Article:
The local community board, which will vote on the project by the end of July, also maintains the project is too large and cloistered, with 3.2 acres of open space meant more for residents of the complex than their neighbors. Extell did a fair amount of outreach going in, repeatedly meeting with the community about the project and even reducing the height of the two western towers by at least a dozen stories each, though their western counterparts each creeped up a few floors and all the towers were bulked up to compensate.
It is these sorts of negotiations, tradeoffs, and challenges that de Portzamparc finds thrilling. "New York has always been a source of inspiration," Terzibachian said. "His theories about the open block were very much informed by New York and his trips here when he was a student."
The firm has not exactly been idle in the city, with some 10 projects that nearly came to fruition, though none ever crossed the threshold into the public realm. Terzibachian said that de Portzamparc has also kept a tight rein on the firm, selectively choosing his work for maximum creative control and to avoid corporatism. And while this approach may not achieve the most buildings, it keeps the firm's roughly 80 employees busy, even during the downturn. "We have had no layoffs," Terzibachian said. Even the failed projects can lead to work, as one, a jagged condo tower on Park Avenue South, was the catalyst for the firm's introduction to Extell, as the developer of that project recommended the firm. Its first task was a series of feasibility studies for Carnegie 57 in 2006.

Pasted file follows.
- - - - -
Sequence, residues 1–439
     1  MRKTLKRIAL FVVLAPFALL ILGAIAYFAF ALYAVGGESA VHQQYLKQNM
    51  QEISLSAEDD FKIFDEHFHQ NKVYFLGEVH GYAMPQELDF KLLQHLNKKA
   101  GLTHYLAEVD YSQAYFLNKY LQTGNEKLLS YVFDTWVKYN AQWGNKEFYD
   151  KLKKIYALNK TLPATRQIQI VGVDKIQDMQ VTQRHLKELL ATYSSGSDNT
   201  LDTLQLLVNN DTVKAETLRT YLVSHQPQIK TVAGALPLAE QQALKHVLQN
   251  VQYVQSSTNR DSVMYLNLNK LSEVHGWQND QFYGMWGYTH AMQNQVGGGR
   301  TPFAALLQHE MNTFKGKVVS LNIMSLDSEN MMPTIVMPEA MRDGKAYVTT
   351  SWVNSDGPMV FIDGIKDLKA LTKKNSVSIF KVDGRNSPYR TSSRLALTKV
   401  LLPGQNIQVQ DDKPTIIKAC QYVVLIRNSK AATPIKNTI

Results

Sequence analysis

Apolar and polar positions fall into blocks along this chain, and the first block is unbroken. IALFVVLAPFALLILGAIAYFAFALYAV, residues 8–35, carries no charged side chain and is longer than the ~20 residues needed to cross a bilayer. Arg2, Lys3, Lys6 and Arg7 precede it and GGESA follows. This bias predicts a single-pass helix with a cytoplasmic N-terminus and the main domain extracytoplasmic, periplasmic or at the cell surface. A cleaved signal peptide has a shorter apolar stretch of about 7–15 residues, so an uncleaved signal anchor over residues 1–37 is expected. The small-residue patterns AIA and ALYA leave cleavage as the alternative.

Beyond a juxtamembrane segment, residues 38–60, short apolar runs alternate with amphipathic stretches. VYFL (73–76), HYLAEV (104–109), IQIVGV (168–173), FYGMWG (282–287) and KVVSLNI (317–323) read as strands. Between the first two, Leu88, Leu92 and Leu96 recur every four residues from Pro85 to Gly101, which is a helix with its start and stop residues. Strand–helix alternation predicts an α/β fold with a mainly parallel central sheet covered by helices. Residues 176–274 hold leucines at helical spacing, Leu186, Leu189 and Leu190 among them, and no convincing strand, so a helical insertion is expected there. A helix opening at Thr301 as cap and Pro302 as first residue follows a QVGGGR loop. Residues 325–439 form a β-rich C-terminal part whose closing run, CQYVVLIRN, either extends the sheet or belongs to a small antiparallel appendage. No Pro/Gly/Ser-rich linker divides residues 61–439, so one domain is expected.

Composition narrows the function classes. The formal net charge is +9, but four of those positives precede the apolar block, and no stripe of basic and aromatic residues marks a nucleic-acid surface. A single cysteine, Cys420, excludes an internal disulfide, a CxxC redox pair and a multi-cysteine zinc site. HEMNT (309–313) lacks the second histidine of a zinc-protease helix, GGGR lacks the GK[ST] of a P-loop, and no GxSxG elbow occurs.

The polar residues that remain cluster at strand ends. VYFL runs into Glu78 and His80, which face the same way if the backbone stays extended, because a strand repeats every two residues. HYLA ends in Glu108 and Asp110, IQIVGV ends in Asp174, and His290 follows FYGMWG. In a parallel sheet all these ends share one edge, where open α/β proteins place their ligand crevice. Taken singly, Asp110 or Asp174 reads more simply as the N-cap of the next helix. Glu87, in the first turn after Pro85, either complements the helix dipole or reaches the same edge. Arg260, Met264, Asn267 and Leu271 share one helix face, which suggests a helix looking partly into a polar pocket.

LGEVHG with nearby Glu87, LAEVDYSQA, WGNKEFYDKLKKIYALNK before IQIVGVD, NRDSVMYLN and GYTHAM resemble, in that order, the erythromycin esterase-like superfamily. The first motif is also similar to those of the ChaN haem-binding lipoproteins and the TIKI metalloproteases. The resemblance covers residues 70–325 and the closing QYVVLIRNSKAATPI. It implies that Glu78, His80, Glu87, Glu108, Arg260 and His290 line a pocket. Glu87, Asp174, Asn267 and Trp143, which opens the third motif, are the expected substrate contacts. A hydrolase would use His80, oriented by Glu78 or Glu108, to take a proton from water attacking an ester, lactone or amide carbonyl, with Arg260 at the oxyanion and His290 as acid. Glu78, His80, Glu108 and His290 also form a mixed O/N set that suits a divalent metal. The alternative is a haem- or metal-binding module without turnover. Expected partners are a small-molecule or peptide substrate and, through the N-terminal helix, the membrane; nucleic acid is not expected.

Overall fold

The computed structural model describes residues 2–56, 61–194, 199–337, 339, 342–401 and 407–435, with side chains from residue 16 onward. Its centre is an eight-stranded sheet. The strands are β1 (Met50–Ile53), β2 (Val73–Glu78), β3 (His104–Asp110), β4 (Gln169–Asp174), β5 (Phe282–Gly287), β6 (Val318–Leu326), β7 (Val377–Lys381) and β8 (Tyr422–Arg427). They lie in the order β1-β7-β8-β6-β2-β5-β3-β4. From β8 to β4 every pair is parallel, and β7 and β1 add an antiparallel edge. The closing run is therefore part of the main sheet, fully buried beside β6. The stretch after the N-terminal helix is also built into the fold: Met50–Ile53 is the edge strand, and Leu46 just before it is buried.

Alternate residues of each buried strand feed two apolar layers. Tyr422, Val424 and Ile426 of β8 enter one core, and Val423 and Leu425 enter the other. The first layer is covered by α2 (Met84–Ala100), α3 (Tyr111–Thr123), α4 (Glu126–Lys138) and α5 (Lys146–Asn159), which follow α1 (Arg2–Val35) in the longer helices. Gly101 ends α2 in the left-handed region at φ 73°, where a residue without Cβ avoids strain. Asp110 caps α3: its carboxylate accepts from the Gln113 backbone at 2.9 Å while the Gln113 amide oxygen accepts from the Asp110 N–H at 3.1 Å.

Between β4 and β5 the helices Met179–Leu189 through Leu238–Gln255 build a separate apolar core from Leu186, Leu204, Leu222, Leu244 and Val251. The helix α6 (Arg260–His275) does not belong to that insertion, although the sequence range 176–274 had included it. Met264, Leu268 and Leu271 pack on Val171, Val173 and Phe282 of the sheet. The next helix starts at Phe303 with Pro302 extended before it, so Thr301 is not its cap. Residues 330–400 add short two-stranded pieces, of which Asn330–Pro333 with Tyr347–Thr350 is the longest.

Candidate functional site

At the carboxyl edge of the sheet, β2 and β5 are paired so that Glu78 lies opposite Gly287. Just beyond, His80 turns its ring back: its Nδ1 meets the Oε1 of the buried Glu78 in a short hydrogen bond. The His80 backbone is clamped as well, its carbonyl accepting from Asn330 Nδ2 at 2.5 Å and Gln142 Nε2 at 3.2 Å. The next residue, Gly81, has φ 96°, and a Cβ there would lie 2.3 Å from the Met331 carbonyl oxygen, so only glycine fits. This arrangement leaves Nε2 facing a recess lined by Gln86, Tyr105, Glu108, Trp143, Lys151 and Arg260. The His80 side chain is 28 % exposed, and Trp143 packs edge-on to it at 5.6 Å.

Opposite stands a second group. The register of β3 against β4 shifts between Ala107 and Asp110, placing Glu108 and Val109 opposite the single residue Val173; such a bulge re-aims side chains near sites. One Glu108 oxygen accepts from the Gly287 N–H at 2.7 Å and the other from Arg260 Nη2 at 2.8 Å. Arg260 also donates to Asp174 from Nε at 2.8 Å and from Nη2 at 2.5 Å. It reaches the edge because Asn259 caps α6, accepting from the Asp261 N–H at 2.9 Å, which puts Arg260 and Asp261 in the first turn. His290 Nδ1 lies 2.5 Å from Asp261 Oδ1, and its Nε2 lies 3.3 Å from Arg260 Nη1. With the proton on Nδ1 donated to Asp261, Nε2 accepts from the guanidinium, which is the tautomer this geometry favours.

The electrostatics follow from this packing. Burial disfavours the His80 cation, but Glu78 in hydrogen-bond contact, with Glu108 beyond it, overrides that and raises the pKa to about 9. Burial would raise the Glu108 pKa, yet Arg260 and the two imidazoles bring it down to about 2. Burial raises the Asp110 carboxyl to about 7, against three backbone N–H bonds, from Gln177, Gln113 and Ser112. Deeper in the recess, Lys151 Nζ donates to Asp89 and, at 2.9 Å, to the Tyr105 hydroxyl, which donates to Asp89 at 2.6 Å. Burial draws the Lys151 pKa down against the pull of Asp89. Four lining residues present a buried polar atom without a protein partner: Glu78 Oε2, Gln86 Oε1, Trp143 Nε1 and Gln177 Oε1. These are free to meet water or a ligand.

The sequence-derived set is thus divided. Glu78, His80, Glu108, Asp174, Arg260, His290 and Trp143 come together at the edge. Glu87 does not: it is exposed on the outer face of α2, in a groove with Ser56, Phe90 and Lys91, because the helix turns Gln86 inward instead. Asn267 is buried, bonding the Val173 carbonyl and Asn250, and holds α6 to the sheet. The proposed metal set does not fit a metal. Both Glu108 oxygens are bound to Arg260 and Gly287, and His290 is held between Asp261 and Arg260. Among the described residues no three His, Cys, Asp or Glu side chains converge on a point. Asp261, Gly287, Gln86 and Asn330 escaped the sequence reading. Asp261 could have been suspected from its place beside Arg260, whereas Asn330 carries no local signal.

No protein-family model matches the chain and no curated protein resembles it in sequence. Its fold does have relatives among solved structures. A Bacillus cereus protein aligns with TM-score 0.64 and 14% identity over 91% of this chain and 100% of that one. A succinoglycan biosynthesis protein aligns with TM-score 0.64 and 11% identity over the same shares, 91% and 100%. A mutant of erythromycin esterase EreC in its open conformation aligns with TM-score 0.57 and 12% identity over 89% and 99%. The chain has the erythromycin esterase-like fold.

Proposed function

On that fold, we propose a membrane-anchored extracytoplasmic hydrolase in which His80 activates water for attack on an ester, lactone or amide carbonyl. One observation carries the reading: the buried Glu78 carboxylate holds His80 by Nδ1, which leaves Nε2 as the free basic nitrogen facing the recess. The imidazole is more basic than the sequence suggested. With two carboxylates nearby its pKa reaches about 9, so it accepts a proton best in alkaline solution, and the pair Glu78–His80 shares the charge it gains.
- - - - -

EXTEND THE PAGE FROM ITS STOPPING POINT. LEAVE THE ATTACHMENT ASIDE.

Barnett demurs at the suggestion that brand-name architecture is a new approach for his firm, which has worked in the past with the likes of Kostas Kondylis, Lucien Legrange, Cetra/Ruddy, and Cook + Fox. “We seek out the right architect and the right aesthetic for each project,” he said. Still, with more high-profile projects underway, such as SOM’s Gem Tower in the Diamond District and KPF’s World Commerce Centre on the Far West Side, Barnett said he will continue to work with good firms. Such as? “You’ll have to wait and see,” he said.